According to a June 28 press release of the J.D. Power 2022 U.S. Initial Quality Study, ICE vehicles averaged 175 problems per 100 vehicles (PP100) compared to 239 among PHEVs and 240 among BEVs. The lower scores presented higher-quality vehicles.
The BEV evaluation does not include Tesla models. J.D. Power said Tesla PP100 data is displayed separately from the battery-electric vehicle average since "the predominance of Tesla vehicles could obscure the performance of the legacy automakers that have recently introduced BEVs."
Tesla models, which were added to the industry calculation for the first time, averaged 226 problems per 100 vehicles.
Altogether there was an 11 percent rise in problems per 100 vehicles with the industry average reaching 180 PP100. Vehicle problems hit a record high in the 36-year history of the study and J.D. Power blamed interruptions caused by the Wuhan coronavirus (COVID-19) pandemic as well as the personnel dislocations, record-high vehicle prices and supply chain issues.
"In general, initial quality has shown steady improvement throughout the history of this study, so the decline this year is disappointing – yet understandable. Automakers continue to launch vehicles that are more and more technologically complex in an era in which there have been many shortages of critical components to support them," said David Amodeo, J.D. Power's director of global automotive.
The report comes amidst a small number of electric vehicle recalls in recent weeks due to manufacturing defects. In June, Toyota Motors recalled 2,700 bZ4X SUVs worldwide. Toyota released the bZ4X, the company's first mass-produced all-electric car, only a few months ago.
Japan's safety regulator warned that during sharp turns and sudden breaks, a hub bolt used in the vehicles is in danger of coming off.
"It's embarrassing. People have waited so long for Toyota to get a mass-market battery electric vehicle … and just a few weeks after they get it in the market there's a recall," said CLSA analyst Christopher Richter.
Ford in the same month recalled 48,924 Mustang Mach-E electric vehicles after finding a car battery defect that could lead to a power loss while driving.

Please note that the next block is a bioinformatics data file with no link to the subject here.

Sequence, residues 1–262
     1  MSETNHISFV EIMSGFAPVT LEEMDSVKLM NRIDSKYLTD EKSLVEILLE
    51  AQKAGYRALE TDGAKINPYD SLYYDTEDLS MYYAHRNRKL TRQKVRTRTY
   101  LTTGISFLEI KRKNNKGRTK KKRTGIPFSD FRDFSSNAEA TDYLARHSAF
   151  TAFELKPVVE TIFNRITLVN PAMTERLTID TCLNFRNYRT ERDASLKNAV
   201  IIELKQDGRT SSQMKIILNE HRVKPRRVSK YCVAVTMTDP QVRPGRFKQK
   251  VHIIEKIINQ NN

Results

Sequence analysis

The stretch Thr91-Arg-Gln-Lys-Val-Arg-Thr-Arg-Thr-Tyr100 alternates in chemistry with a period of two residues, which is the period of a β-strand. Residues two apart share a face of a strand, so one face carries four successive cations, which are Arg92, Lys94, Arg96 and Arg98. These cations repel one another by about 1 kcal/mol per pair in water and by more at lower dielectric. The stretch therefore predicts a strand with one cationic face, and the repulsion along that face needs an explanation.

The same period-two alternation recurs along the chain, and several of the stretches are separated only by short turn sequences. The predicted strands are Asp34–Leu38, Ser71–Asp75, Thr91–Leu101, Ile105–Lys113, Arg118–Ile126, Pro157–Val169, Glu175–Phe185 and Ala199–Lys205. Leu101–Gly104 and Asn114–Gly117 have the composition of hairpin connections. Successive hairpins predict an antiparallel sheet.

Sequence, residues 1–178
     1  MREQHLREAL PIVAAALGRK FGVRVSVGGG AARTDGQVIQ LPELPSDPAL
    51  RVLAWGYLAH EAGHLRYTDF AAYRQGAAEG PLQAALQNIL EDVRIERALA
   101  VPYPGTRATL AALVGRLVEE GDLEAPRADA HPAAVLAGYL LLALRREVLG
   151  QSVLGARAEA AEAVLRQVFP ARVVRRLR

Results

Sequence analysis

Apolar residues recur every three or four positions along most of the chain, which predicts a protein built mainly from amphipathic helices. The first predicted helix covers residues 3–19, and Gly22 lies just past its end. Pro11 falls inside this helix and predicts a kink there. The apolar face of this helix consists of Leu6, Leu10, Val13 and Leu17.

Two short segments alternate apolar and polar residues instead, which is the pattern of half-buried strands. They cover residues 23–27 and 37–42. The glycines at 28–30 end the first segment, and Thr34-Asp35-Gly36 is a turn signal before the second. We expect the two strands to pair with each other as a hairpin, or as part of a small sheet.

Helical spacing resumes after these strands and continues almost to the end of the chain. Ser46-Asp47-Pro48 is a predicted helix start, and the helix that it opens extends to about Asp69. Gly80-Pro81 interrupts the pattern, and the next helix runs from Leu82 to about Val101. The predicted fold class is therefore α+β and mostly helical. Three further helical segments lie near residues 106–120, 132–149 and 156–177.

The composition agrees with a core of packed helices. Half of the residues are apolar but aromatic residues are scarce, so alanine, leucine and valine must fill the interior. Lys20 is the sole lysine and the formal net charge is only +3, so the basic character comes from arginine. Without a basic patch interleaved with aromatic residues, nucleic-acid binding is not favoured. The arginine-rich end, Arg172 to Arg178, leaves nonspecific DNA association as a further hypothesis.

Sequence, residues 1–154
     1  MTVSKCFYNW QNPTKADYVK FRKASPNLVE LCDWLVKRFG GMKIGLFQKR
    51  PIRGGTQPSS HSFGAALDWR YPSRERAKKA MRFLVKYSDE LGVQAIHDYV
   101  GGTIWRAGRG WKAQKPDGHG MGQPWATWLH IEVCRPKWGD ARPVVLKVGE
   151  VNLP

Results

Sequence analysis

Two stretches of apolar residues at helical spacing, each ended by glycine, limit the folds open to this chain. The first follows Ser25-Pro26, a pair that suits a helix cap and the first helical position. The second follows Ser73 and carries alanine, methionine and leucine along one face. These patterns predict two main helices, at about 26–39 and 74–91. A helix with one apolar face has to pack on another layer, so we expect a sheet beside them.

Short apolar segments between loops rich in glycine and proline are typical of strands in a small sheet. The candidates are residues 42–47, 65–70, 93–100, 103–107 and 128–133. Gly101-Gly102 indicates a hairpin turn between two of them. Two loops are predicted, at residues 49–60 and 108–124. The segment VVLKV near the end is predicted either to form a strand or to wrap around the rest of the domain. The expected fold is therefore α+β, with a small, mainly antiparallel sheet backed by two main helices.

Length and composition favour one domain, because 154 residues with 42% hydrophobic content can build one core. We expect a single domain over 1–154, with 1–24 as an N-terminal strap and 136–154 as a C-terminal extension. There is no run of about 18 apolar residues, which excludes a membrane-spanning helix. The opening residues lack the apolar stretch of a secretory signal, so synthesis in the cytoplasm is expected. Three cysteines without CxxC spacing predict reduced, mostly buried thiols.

A study of 13,000 people from 18 nations released in May discovered that Americans were the least likely to purchase an electric vehicle. While over 73 percent of Italians, 69 percent of Chinese and 63 percent of South Koreans were determined to buy an EV, only 29 percent of Americans showed keen interest in it. (Related: The U.S. is not ready for an all-electric future)
The J.D. Power survey is based on data from a total of 84,165 confirmed owners and lessees of personal use vehicles registered from November 2021 through February 2022. Answers from the surveys provide data for 33 different makes and 189 different model vehicles.
Meanwhile, six of the top 10 software issues in the auto industry are related to infotainment.
The J.D. Power study found that both Apple CarPlay and Android Auto are difficult to understand, and users are increasingly having trouble making the connection work. A higher penetration of wireless CarPlay and Android Auto is attributed to the increase in connectivity problems, which has jumped from 4.9 problems per 100 vehicles in 2021 to 5.8 in 2022.
Built-in voice recognition is the only category to improve among all other infotainment features, which include touchscreen display, Bluetooth connectivity and parking cameras.
The study also listed features that manufacturers have cut due to chip shortage, such as modern driver-assist features, heated seats, parking assistant modules, among others.
Chevrolet removed wireless phone chargers and the gas-saving auto start-stop features in some SUV models last year, while Ford axed some A/C controls from the rear seats of its Explorer SUV.
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